Asian shares got off on the back foot on Wednesday after weak manufacturing activity reports from both the U.S. and China sent Wall Street reeling, while the dollar steadied after steep losses. Data showing U.S. factory activity hit a more than two-year low in August added to an already grim mood, coming on the heels of a survey showing China's manufacturing sector shrank at its fastest pace in three years last month. The downturn in markets is based less on rising fears that China's economy is slowing but is "more that the policy initiatives seem engineered on a daily basis and the plans seem to lack a cohesive, well thought-out process," Chris Weston, chief market strategist at IG, said in a note.
U.S. factory activity braked to a more than two-year low in August, but sturdy gains in automobile sales and construction spending suggested the economy remained on solid footing. The sharp slowdown in manufacturing, which has been hurt by a strong dollar and deep spending cuts in the energy sector, was probably an early indication of fallout from the recent turmoil in stock markets, economists said. "It suggests that the recent eruption in uncertainty toward Chinese and global growth is beginning to affect U.S. business decisions," said Millan Mulraine, deputy chief economist at TD Securities in New York.
Oil prices fell as much as over 2 percent in early Asian trade on Wednesday, as a stronger than expected build in U.S. crude oil stocks and weaker U.S. manufacturing data fueled a rout in prices that started in the previous session. Brent and U.S. crude finished around 8 percent lower on Tuesday to end a 25-percent three-session surge, the largest three-day gain since 1990. This rollercoaster volatility could continue especially if there are similar wild swings in the equity markets, said Ric Spooner, chief market analyst at Sydney's CMC Markets.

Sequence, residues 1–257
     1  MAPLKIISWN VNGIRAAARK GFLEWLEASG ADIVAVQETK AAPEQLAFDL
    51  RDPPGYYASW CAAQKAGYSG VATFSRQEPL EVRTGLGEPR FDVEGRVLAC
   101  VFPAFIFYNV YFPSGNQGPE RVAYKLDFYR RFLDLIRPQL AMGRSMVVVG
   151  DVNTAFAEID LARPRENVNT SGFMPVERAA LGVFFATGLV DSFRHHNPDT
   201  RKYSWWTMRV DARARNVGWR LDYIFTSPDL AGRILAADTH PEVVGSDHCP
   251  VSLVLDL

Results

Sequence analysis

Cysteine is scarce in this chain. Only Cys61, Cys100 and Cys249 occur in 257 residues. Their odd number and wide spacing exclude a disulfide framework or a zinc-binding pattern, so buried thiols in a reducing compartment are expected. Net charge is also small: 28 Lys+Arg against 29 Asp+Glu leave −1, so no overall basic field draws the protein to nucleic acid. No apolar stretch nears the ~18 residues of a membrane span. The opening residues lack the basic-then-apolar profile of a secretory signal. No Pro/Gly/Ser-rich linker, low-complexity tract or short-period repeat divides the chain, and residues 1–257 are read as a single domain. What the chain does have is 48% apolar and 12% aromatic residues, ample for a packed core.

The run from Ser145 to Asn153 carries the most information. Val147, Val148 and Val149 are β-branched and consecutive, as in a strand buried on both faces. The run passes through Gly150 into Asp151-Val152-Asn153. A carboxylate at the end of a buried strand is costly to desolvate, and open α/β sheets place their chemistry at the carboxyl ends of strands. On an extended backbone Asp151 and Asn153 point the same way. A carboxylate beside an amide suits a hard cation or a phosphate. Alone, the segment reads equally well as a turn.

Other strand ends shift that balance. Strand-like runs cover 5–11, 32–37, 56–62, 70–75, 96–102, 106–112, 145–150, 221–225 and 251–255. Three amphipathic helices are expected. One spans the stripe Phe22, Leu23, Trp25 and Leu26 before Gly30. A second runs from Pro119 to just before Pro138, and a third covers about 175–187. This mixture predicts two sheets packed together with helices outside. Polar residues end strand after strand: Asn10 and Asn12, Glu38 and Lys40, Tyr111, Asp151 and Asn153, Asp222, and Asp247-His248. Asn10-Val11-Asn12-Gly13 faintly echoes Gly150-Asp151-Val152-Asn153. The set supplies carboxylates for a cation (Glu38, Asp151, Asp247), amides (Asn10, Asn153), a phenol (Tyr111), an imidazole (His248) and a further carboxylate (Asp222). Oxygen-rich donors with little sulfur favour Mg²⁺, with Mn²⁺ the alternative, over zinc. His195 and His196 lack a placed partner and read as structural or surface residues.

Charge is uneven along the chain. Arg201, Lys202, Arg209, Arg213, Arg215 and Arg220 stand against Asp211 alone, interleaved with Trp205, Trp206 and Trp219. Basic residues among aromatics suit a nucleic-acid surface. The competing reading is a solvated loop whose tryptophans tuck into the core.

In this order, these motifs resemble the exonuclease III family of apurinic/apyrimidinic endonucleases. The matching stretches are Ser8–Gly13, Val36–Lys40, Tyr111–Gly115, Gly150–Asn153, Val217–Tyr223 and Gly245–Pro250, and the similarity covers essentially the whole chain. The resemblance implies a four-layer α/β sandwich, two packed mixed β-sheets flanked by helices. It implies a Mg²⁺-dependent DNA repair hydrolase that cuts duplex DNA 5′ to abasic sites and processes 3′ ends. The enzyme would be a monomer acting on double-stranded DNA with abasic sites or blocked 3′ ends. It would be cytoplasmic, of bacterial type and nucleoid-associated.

DETROIT (Reuters) - The U.S. auto industry powered ahead in August, topping sales estimates and shrugging off gyrating stock markets as consumers continued to show their penchant for pickup trucks and SUVs.
WASHINGTON/NEW YORK (Reuters) - Kmart Corp has paid $1.4 million to settle U.S. allegations that it violated the federal False Claims Act by inducing Medicare beneficiaries to fill prescriptions at its pharmacies, the Department of Justice said on Tuesday. The government said the accord resolves allegations that Kmart, a unit of Sears Holdings Corp , let beneficiaries use drug manufacturers' coupons to reduce or eliminate prescription co-payments. Kmart was also accused of improperly offering discounts on gasoline purchases at participating gas stations based on the number of prescriptions filled.